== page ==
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Iceland, a sparsely populated island nation in the North Atlantic, has a climate that is tempered by the warm currents of the Gulf Stream. But Dagur Kari’s film, Noi Albinoi, isn’t placed in the relatively cosmopolitan environs of the capital, Reykjavik; Kari locates his coming-of-age tale in a remote village in the north of the island. Geography is a major character in the film–penetrating cold, omnipresent snow and ice, and the isolated and lonely desolation permeate every frame of the film and the psyches of its characters. Looming over the village, which is perched along the edge of a fjord, is a monolithic massif, an icy, menacing presence.
Seventeen-year-old Noi (Tomas Lemarquis) lives with his grandmother (Anna Fridriksdottir) who fires a rifle out of his bedroom window to get him awake in the morning and off to school. That Noi is bright is made clear in a number of ways–while being interviewed by a school psychologist, he speedily solves a Rubik’s Cube, for example. And he is dexterous alone in the kitchen, whipping up some pancakes. Making chopped liver with his Dad (Throstur Leo Gunnarsson) has less successful, but funny, results.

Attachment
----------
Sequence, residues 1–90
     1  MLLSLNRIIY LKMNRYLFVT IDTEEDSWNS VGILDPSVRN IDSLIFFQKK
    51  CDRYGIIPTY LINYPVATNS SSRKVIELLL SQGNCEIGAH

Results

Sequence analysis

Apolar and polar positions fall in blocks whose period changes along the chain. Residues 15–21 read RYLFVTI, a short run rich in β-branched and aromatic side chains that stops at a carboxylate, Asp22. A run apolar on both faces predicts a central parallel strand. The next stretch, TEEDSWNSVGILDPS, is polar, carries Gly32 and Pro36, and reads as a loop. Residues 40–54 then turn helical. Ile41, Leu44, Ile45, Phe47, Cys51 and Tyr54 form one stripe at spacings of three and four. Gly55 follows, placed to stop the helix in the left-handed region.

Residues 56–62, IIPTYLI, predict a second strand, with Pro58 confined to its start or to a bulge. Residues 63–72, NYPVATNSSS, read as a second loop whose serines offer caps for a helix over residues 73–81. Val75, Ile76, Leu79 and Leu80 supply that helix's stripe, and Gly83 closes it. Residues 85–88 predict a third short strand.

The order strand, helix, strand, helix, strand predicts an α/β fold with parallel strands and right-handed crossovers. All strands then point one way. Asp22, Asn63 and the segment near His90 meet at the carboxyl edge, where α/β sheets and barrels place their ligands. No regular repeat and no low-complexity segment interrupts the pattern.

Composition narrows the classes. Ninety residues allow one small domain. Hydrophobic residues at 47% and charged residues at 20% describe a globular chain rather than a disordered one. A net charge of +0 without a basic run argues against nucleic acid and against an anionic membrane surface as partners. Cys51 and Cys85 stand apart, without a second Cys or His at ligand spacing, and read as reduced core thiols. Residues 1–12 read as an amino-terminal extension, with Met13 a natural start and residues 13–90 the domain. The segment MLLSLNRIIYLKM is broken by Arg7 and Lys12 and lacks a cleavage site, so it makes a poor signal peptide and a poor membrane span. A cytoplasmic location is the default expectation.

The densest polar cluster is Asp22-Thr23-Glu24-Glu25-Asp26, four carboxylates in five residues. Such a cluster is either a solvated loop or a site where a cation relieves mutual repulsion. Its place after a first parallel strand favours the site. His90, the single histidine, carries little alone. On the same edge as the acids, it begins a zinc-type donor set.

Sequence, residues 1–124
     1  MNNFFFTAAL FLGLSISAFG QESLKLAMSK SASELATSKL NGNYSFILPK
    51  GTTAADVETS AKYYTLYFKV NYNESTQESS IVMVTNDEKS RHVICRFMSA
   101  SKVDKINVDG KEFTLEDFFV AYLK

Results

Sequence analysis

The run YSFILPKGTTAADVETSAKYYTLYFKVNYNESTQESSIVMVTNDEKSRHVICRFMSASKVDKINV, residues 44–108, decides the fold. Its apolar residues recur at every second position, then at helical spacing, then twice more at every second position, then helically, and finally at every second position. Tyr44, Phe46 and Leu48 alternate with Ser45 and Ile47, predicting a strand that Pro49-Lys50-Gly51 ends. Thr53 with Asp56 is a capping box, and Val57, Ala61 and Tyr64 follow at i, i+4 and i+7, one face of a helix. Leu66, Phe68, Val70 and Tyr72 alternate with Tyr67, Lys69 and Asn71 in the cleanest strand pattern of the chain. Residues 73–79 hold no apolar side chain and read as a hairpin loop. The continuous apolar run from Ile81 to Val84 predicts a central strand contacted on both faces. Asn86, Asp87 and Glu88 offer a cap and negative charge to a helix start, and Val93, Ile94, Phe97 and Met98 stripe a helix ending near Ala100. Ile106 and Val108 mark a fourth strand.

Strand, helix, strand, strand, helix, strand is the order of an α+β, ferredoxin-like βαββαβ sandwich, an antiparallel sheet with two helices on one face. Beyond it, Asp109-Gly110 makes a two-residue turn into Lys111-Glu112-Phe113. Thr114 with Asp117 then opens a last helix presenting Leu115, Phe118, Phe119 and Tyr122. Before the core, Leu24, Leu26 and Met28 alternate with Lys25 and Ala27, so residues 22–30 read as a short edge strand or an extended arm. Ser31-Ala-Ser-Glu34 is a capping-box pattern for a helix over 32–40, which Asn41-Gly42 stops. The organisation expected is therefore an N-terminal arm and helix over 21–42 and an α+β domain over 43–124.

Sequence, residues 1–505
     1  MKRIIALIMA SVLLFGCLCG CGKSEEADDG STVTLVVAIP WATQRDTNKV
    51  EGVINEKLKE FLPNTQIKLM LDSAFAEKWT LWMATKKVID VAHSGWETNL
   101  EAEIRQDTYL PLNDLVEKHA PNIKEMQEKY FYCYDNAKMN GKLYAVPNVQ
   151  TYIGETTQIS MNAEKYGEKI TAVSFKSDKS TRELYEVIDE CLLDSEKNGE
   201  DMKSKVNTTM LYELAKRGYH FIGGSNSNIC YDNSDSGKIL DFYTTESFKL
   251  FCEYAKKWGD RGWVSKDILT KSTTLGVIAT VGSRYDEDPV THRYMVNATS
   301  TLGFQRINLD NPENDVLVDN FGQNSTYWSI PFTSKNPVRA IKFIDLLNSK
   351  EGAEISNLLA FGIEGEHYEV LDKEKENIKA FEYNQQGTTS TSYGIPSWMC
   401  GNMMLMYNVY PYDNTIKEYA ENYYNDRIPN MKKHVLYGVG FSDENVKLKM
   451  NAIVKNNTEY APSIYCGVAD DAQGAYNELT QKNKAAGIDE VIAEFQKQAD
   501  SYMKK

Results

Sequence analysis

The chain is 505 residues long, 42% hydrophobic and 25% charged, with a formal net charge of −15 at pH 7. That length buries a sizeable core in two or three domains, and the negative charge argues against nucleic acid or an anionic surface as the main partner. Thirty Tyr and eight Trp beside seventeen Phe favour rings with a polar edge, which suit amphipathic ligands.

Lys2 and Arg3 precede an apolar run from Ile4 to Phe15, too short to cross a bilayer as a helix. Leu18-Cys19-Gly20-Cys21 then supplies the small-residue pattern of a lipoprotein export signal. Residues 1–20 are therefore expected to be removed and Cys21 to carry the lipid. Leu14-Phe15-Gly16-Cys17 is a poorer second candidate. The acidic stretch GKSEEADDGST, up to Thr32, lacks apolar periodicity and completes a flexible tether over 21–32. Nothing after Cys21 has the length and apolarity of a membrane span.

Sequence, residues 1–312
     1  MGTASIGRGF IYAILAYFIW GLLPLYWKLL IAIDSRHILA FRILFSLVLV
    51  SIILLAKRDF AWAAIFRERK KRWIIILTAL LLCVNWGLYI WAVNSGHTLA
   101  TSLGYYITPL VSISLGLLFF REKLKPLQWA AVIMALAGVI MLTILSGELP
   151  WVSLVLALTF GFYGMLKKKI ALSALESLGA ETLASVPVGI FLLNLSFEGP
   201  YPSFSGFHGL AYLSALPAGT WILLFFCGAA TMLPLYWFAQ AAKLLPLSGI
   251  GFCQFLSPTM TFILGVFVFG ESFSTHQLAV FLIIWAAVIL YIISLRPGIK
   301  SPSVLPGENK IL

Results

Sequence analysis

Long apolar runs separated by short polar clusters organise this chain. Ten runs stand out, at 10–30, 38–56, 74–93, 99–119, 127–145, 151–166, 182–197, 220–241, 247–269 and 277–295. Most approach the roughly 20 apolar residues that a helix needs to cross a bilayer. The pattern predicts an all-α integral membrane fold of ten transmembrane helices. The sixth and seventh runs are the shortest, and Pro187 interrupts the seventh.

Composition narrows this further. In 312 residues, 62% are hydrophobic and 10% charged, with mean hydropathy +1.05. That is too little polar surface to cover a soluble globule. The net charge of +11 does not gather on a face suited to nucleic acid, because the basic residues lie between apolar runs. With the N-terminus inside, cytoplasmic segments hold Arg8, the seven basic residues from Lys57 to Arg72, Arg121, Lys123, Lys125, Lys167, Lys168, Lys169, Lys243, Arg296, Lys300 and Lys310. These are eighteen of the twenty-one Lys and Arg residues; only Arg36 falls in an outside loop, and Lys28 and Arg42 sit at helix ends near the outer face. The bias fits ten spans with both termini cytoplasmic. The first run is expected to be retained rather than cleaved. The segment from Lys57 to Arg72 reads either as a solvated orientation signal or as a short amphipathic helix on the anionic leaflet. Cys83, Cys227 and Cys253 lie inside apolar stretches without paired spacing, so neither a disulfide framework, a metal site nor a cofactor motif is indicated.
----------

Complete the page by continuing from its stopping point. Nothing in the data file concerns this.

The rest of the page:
But Noi has become a slacker–bored, uninvolved, and passively rebellious. Possible relief shows up in the form of a pretty girl, Iris, who provides a ray of hope–a possible companion in escape.
Escape is, indeed, a principal theme of the film. Fantasies of tropical islands are everywhere, from the palm-patterned wallpaper of a room in the house, to the Hawaiian shirt that Noi’s father wears, to the view of a tropical beach that is seen through a stereopticon that Grandma gives Noi for his birthday. There’s even a palm tree on his birthday cake. His father has already escaped into alcoholism and Grandma passes the time doing jigsaw puzzles. Noi himself escapes into his own secret room in the cellar of the house.
Noi Albinoi, while using Noi as the backbone of its very slight plot, seems as much or more about the toll of living in harsh and isolated conditions as it is about adolescent anomie. It’s a film entirely built on situational circumstances and small events, with little in the way of genuine character development. But Kari, nonetheless, is vividly observant and holds the attention with imaginative detail and a veneer of deadpan humor, like thin ice over a sea of despair.